First Ghostbusters: Afterlife Reviews Mostly Good, Mixed on Nostalgia
Today, Sony lifted the embargo on Ghostbusters: Afterlife reviews. The movie hasn’t screened for all press (including Superhero Hype), but it screened semi-secretly at CinemaCon in August. And more recently again to junketeers. Across the board so far, the reactions seem the same with the industry trades and the more friendly junket press. The movie garners strong praise for its young cast and Jason Reitman’s direction. Yet most feel it leans a bit too heavily on nostalgic references. For some, that’s a deal-breaker; for most, not so much.
William Bibbiani at The Wrap speaks for many when he writes, “Those who enjoyed the 1984 film and who actually wanted a new installment of Ghostbusters to offer something different, instead of shamelessly pandering to pre-existing fans, may be disappointed, but they can probably settle for Afterlife’s slick and straightforward, formulaic craftsmanship. ” He adds that the movie appears to reject everything but the original film — even Ghostbusters II.
For Kaitlyn Booth at Bleeding Cool, the mix of old and new played as more of a plus. She writes, “Ghostbusters: Afterlife could have been an easy cash-in for everyone involved and relied entirely on the fans of the original to get a decent box office. They didn’t know, they put in the work, and they put in the effort, and it all pretty much works. It’s one of the best movies of the year and is going to bring in a whole slew of new Ghostbusters fans to the party while leaving old fans satisfied.”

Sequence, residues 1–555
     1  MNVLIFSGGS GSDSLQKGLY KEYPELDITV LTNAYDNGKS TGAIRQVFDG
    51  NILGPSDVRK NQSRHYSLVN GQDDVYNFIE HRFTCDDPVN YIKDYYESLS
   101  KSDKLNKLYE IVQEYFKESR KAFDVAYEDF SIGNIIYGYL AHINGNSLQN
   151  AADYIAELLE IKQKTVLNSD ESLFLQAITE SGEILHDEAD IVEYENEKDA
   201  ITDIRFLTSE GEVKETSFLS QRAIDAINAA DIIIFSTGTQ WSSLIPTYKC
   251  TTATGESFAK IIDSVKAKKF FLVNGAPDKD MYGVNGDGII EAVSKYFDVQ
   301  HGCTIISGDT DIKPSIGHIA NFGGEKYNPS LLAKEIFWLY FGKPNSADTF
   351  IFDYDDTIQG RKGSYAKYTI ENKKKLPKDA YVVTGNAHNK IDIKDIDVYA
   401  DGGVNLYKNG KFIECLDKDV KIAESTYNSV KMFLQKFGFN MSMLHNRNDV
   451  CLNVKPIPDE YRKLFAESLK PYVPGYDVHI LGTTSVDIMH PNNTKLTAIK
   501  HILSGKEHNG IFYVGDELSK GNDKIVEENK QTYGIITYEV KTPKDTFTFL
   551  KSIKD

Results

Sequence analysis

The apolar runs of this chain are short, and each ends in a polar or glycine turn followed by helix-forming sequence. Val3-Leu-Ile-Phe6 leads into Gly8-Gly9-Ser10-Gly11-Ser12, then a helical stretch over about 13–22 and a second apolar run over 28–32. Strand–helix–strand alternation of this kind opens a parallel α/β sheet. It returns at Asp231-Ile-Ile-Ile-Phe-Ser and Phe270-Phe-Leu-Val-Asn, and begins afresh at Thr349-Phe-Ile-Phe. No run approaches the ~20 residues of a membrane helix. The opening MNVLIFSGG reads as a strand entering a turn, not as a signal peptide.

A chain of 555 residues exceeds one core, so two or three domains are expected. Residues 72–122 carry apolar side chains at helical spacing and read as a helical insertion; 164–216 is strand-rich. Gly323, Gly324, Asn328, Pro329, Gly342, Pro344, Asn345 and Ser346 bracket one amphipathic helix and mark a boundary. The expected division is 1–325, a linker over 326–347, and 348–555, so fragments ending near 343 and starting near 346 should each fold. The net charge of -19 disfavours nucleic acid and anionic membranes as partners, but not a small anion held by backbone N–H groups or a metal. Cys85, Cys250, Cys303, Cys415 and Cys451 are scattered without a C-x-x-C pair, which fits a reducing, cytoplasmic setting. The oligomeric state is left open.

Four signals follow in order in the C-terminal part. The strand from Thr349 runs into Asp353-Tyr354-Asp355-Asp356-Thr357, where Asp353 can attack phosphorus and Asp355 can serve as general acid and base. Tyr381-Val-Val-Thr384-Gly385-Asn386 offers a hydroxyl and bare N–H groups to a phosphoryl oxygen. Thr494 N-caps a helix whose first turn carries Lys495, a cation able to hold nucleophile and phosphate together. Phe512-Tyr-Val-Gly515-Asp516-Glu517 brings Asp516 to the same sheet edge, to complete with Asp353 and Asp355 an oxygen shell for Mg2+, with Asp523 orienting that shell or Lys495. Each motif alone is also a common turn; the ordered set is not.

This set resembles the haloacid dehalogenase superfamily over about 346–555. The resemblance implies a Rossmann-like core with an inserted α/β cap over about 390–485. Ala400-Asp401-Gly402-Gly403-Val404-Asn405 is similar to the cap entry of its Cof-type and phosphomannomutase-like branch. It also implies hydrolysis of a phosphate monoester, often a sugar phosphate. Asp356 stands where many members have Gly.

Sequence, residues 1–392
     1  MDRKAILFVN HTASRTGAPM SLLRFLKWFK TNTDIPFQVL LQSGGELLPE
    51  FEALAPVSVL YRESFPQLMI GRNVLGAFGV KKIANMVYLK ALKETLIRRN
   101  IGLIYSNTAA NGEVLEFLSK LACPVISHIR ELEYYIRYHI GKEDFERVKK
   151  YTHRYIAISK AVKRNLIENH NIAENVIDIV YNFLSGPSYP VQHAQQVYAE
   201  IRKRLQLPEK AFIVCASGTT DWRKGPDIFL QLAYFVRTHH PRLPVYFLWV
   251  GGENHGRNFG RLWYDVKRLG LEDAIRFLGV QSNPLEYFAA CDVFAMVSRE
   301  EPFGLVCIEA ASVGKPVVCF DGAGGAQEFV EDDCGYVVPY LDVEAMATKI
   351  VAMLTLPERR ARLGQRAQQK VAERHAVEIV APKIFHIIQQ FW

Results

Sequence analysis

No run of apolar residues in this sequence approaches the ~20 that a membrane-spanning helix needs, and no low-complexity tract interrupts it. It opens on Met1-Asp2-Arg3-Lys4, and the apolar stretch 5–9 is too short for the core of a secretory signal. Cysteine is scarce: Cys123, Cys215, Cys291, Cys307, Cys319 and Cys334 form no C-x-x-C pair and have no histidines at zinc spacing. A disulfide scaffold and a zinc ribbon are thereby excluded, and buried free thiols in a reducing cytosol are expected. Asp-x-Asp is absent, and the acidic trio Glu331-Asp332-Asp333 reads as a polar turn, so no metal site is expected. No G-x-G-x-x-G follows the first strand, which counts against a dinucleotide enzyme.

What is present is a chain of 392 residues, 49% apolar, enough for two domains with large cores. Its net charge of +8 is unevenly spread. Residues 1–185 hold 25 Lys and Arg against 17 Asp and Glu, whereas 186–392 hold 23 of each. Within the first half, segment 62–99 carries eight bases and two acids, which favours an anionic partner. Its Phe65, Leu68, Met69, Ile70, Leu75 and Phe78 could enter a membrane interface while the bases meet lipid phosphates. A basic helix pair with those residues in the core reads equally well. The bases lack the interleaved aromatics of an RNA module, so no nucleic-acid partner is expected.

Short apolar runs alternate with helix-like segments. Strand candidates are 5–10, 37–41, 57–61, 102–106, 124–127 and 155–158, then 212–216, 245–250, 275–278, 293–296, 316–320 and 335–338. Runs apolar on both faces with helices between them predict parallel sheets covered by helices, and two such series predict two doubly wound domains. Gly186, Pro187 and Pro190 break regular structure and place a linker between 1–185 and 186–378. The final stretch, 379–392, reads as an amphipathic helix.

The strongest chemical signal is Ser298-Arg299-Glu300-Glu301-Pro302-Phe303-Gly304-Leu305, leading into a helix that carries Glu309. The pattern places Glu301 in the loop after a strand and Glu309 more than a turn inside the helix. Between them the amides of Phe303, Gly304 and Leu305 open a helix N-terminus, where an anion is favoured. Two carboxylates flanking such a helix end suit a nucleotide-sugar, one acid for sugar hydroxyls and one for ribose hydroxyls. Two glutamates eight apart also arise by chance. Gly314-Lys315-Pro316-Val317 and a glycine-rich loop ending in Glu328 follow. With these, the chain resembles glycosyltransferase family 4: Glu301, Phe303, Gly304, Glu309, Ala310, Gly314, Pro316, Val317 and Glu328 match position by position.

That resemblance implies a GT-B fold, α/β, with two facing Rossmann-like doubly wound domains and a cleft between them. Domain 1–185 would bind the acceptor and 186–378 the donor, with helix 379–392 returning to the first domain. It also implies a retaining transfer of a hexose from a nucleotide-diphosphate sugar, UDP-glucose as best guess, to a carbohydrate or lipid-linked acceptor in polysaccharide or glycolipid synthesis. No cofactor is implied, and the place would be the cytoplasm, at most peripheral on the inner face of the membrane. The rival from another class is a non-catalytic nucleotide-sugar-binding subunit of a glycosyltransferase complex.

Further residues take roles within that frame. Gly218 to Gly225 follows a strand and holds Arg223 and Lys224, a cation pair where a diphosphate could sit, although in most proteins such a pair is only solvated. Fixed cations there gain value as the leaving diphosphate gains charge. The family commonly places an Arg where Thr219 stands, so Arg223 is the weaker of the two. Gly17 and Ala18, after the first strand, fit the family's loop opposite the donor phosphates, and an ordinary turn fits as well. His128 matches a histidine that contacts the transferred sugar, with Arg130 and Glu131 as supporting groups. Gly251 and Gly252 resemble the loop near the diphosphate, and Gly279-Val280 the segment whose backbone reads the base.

Variety‘s Peter Debruge, rarely the easiest of marks for nerdy blockbusters, begins his review with a dig at franchise movie marketing, but finally decides, “It’s designed to work for those who’ve never seen any of the franchise’s earlier incarnations, and though the film adopts an unmistakably Amblin-esque vibe — there’s an obvious ‘what if the Goonies were Ghostbusters?’ sensibility at work here, reinforced by Spielbergian magic-hour shots of kids assembling around a Devils Tower-shaped rock formation — you needn’t have grown up on such movies to appreciate how they elevate adolescent rejects to hero status.”
EW‘s Christian Holub proves the most negative, calling it, “a gloomy nostalgia trip through the ruins of American culture,” while IGN’s Rosie Knight represents the most positive take, saying, “Director Jason Reitman does his father and fans proud with a funny, sweet, and spooky family movie that proudly takes on the legacy of Ghostbusters, while also introducing something exciting and new. It helps that Mckenna Grace is the kind of talent that only comes around once in a generation: charming, authentic, and the beating heart of this already heartfelt movie.”
Regardless of the ultimate thumbs-up or down, a fairly consistent picture emerges. The new stuff plays well. However, the old stuff may depend upon the viewer’s individual nostalgia. Look for Superhero Hype’s review closer to the actual release date, Nov. 19.
Are you excited for Ghostbusters: Afterlife? Let us know in comments!
Recommended Reading: Ghostbusters: The Ultimate Visual History
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